I was diagnosed two years ago with celiac disease, which is a severe gluten intolerance. No more croissants, baguettes and pain au chocolat — bummer! But life goes on and there are still plenty of wonderful things to eat.
Having become experts on eating gluten-free in both France and the US, my wife Val and I were interviewed recently by The Celiac Project. We talked about shopping for food, eating in restaurants, and tips on things to look for and things to avoid. If you know someone with a gluten problem, they might find the interview helpful. It’s 30 minutes long and you can listen to it here.
I’ve also written an article about eating gluten-free in France, which you can find here.
Bon appétit !
Food is at the center of French life and is any food more important than cheese? Non!
Here are some funny stories about how I learned cheese etiquette, as well as the impact cheese can have on French elections.
Read all about it at The Good Life France.
One of my favorite restaurants in St.-Rémy-de-Provence is L’Aile ou la Cuisse. The food is great and the setting is beautiful, right in the middle of the old town. Best of all is the gigantic display case where you pick your dessert. It’s like Christmas every day!
You can read all about this fun restaurant at Perfectly Provence.
France is famous for its breads, like crusty baguettes, flaky croissants, and rich pain au chocolat. The best! But what if you live a gluten-free life? Can you still visit la belle France?
Bien sûr! France has plenty of gluten-free (GF) options, whether you are dining out or cooking in. Here are some pointers to get you started.
Read about how to live GF in France at Frenchly. Bon appétit !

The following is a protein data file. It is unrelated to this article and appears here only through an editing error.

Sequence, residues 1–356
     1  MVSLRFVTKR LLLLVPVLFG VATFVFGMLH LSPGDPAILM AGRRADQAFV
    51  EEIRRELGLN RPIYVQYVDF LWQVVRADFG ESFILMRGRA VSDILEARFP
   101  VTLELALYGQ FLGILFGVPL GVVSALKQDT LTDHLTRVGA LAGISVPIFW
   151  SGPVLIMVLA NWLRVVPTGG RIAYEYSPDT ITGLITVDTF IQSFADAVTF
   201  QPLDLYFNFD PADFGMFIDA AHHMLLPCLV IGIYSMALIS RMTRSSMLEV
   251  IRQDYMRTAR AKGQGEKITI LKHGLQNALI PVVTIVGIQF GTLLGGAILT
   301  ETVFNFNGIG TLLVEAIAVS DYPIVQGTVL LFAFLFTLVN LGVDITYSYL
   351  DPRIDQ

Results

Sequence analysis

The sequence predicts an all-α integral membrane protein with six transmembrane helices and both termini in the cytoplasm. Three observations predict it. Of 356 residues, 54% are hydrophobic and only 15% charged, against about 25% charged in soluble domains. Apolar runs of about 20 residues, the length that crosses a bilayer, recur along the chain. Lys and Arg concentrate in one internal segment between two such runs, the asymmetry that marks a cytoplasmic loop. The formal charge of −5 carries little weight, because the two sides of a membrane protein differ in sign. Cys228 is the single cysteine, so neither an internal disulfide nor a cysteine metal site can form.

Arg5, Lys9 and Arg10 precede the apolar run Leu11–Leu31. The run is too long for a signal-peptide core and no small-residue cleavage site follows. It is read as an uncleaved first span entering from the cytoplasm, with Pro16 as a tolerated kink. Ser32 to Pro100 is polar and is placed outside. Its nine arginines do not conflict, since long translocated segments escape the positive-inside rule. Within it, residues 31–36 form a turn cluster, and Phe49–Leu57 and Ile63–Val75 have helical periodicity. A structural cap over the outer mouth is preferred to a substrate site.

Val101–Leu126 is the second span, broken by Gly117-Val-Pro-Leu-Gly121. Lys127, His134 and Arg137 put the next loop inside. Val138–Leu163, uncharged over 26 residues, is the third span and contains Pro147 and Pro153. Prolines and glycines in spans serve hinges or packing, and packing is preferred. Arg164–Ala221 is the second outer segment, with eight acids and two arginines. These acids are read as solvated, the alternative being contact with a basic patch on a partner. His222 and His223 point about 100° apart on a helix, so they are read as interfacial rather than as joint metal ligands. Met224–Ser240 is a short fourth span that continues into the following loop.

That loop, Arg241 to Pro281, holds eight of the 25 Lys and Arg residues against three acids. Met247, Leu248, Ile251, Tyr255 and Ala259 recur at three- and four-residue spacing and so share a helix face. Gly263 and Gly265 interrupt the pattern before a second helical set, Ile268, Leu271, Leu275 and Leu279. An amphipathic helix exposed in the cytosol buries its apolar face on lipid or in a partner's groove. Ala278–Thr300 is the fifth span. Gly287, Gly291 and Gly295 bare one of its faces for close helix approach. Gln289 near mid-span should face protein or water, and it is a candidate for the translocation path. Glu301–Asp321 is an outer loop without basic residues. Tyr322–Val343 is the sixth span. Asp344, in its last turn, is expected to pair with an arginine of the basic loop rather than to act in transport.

There are a lot of great restaurants in Provence, with Michelin stars galore, like Le Petit Nice in Marseille and Baumanière in Les Baux. But for my money, the best fine dining in Provence is at L’Atelier de Jean-Luc Rabanel in Arles. Val and I go there every year to celebrate her birthday and it’s always great.
Find out all about L’Atelier at The Provence Post.
Delicious wines, a gorgeous winery and a privileged location in one of the most beautiful spots in France: Château Romanin has it all.
It is also a place where wine, religion and mysticism have intersected for centuries.
Read about the history and mystery of Château Romanin at Perfectly Provence.
Bouillabaisse is one of those magical dishes that seems to capture the spirit of Provence. So when our friend Pascal, a retired chef, invited us over for homemade bouillabaisse, we came running.
Besides serving us a magnificent meal, Pascal shared some of his secrets. Like where the name comes from. And what kind of spices to use. And what to NEVER do when preparing bouillabaisse.
You can read my story about our dinner on page 106 of The Good Life France Magazine’s Autumn Issue.
Americans love peanut butter, just as Australians love Vegemite, and Brits love Marmite. We all have our national favorites.
For the French it’s Nutella, that sweet chocolate-hazelnut spread that kids grow up eating at breakfast. So it was shocking when French philosopher Régis Debray attacked Nutella , causing a national uproar. He might as well have gone after motherhood and the 35-hour workweek while he was at it.
Author and professor Mara Goyet responded with an essay explaining the ways in which Nutella is, in fact, at the very heart of French civilization. It’s very insightful and…hilarious!
You can read the full article at Frenchly.
Just ten minutes from one of France’s most famous sites, the Roman aqueduct Pont du Gard, sits the tiny village of Estézargues. There’s not much there – no charming cafés or famous monuments. But on the edge of town you can find some astonishingly good wine— wine that you might consider the best value wine in France!
You can read the full article at France Travel Tips.
Just below the famous hilltop fortress of Les Baux sits the boutique luxury hotel Benvengudo. The name means “welcome” in the local language and it couldn’t be more appropriate.
Walking onto the manicured grounds of Benvengudo is like stepping back in time, to a more simple and gracious era. The hotel provides a rare mix of traditional and modern, and you’ll be reluctant to leave when your stay is over. You’ll ask yourself – can’t we linger just a bit longer?
Benvengudo began fifty years ago as a simple, four-room country inn and restaurant, built by Daniel and Maryse Beaupied. Daniel had trained as a chef under the legendary Paul Bocuse before earning a Michelin star of his own.
You can read more about Benvengudo here.